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Data from: Aircraft sound exposure leads to song frequency decline and elevated aggression in wild chiffchaffs

Citation

Wolfenden, Andrew D.; Slabbekoorn, Hans; Kluk, Karolina; De Kort, Selvino (2019), Data from: Aircraft sound exposure leads to song frequency decline and elevated aggression in wild chiffchaffs, Dryad, Dataset, https://doi.org/10.5061/dryad.3nd978g

Abstract

1. The ubiquitous anthropogenic low-frequency noise impedes communication by masking animal signals. To overcome this communication barrier, animals may increase the frequency, amplitude and delivery rate of their acoustic signals, making them more easily heard. However, a direct impact of intermittent, high-level aircraft noise on birds’ behaviour living close to a runway has not been studies in detail. 2. We recorded common chiffchaffs Phylloscopus collybita songs near two airports and nearby control areas, and we measured sound levels in their territories at Manchester airport. The song recordings were made in between aircraft movements, when ambient sound levels were similar between airport and control populations. We also conducted playback experiments at the airport and a control population to test the salience of airport, and control population specific songs. 3. In contrast to the general pattern of increased song frequency in noisy areas, we show that common chiffchaffs at airports show a negative relationship between noise exposure level and song frequency. 4. Experimental data show that chiffchaffs living near airports also respond more aggressively to song playback. 5. Since the decrease in song frequency results in increased overlap with aircraft noise, these findings cannot be explained as an adaptation to improve communication. The increased levels of aggression suggests that chiffchaffs, like humans, might be affected behaviourally by extreme noise pollution. These findings should influence environmental impact assessments for airport expansions globally.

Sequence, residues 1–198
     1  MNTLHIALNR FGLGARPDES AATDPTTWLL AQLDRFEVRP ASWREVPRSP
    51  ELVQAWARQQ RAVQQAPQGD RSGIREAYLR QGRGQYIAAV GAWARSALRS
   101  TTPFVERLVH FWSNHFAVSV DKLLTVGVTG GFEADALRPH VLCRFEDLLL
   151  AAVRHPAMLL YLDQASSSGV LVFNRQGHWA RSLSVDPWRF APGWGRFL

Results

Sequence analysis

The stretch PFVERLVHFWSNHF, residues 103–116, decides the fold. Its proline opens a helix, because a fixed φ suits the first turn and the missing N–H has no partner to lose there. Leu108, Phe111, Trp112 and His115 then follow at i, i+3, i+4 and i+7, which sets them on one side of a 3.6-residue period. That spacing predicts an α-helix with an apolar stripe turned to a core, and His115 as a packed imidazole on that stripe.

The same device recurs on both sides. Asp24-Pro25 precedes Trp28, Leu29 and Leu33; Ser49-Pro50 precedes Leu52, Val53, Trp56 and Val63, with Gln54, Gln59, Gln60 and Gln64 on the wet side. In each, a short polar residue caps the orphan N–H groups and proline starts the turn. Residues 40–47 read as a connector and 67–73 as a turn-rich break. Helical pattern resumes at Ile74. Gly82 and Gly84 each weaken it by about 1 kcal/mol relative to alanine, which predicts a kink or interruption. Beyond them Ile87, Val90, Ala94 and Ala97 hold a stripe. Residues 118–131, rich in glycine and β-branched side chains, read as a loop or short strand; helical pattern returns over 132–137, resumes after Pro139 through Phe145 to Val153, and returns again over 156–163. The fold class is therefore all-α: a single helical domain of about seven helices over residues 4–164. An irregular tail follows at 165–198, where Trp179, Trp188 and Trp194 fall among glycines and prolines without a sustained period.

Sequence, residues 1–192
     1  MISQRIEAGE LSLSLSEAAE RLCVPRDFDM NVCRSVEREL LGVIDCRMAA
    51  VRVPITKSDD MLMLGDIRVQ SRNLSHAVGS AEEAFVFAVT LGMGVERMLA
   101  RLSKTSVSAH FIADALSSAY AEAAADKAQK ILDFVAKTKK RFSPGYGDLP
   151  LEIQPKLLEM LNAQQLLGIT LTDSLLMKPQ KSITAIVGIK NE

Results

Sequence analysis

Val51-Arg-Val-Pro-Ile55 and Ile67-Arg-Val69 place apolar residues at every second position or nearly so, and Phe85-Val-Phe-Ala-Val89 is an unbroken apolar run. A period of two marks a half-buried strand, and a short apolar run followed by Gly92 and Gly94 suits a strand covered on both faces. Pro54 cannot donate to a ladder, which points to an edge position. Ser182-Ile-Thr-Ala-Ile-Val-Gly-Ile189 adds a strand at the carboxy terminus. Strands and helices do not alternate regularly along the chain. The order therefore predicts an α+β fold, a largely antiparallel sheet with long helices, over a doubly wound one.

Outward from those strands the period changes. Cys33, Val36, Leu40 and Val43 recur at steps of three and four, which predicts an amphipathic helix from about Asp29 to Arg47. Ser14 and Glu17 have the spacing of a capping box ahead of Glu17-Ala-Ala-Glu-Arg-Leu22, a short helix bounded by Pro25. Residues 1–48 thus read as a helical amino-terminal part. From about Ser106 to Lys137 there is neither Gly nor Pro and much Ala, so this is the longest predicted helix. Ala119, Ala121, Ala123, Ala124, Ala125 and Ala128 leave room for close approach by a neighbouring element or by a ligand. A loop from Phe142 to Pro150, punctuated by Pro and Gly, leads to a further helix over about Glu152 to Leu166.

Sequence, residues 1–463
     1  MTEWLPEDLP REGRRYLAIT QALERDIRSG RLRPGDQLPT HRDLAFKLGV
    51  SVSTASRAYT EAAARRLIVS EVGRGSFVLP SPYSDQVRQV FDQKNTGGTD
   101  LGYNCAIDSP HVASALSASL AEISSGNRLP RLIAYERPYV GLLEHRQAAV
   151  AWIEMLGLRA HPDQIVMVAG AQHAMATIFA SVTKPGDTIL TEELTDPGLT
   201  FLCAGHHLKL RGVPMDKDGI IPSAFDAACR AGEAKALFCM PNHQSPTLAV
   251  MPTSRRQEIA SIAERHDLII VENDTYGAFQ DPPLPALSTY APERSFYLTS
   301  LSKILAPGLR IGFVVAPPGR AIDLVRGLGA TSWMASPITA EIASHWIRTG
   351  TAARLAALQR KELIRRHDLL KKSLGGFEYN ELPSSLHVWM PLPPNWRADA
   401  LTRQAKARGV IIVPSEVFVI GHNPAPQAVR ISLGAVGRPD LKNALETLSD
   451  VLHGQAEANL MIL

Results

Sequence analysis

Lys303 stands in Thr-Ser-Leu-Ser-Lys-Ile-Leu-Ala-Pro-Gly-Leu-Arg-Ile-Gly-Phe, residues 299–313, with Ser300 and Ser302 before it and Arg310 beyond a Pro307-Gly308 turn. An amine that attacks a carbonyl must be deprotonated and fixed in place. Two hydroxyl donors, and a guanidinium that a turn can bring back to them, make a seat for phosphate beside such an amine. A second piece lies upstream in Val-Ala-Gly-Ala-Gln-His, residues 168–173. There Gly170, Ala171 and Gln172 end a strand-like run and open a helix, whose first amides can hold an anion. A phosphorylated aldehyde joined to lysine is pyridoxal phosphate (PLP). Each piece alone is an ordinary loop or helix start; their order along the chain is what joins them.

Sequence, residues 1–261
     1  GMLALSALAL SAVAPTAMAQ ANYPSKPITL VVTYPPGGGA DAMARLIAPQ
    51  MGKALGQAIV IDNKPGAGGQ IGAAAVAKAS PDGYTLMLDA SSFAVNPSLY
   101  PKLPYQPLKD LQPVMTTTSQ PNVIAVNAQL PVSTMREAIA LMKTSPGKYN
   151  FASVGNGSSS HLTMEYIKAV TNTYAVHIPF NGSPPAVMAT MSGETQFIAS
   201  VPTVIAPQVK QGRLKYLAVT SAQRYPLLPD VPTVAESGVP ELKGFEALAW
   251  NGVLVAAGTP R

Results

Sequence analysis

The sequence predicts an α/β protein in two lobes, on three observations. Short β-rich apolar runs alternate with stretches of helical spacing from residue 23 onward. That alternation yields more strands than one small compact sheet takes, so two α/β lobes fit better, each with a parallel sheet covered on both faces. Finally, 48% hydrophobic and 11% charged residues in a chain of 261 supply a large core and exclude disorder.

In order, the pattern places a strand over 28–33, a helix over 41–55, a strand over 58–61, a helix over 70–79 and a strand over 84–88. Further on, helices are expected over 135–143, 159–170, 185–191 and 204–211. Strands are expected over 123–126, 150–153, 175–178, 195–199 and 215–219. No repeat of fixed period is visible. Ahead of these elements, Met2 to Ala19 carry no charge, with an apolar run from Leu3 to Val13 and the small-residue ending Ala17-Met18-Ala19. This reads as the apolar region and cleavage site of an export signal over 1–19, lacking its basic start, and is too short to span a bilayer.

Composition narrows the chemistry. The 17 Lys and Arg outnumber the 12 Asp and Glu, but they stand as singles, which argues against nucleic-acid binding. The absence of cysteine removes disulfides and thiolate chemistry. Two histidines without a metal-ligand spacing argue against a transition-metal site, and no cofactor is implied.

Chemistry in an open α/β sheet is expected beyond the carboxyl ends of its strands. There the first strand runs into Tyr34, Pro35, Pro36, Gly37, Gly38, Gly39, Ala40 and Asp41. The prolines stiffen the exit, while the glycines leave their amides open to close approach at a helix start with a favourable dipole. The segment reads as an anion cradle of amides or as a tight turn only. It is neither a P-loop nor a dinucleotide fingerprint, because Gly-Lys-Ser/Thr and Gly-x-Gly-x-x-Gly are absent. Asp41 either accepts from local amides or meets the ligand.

Usage Notes

Location

United Kingdom and the Netherlands